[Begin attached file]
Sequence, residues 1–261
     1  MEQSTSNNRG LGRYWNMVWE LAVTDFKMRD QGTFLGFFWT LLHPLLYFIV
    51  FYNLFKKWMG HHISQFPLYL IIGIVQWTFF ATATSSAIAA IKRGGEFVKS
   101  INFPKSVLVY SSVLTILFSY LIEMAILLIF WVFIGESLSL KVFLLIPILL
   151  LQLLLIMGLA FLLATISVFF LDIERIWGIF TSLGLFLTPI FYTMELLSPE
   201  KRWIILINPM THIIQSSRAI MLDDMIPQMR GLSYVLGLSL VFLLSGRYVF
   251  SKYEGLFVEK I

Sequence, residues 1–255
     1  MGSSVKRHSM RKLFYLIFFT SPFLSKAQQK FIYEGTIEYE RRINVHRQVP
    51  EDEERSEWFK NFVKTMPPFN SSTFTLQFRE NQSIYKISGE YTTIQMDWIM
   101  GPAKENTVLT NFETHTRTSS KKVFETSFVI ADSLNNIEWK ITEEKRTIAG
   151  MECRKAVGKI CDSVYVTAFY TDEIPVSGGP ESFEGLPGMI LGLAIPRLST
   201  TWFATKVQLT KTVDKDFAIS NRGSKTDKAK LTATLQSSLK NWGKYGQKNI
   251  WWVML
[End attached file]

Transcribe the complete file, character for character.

Sequence, residues 1–261
     1  MEQSTSNNRG LGRYWNMVWE LAVTDFKMRD QGTFLGFFWT LLHPLLYFIV
    51  FYNLFKKWMG HHISQFPLYL IIGIVQWTFF ATATSSAIAA IKRGGEFVKS
   101  INFPKSVLVY SSVLTILFSY LIEMAILLIF WVFIGESLSL KVFLLIPILL
   151  LQLLLIMGLA FLLATISVFF LDIERIWGIF TSLGLFLTPI FYTMELLSPE
   201  KRWIILINPM THIIQSSRAI MLDDMIPQMR GLSYVLGLSL VFLLSGRYVF
   251  SKYEGLFVEK I

Sequence, residues 1–255
     1  MGSSVKRHSM RKLFYLIFFT SPFLSKAQQK FIYEGTIEYE RRINVHRQVP
    51  EDEERSEWFK NFVKTMPPFN SSTFTLQFRE NQSIYKISGE YTTIQMDWIM
   101  GPAKENTVLT NFETHTRTSS KKVFETSFVI ADSLNNIEWK ITEEKRTIAG
   151  MECRKAVGKI CDSVYVTAFY TDEIPVSGGP ESFEGLPGMI LGLAIPRLST
   201  TWFATKVQLT KTVDKDFAIS NRGSKTDKAK LTATLQSSLK NWGKYGQKNI
   251  WWVML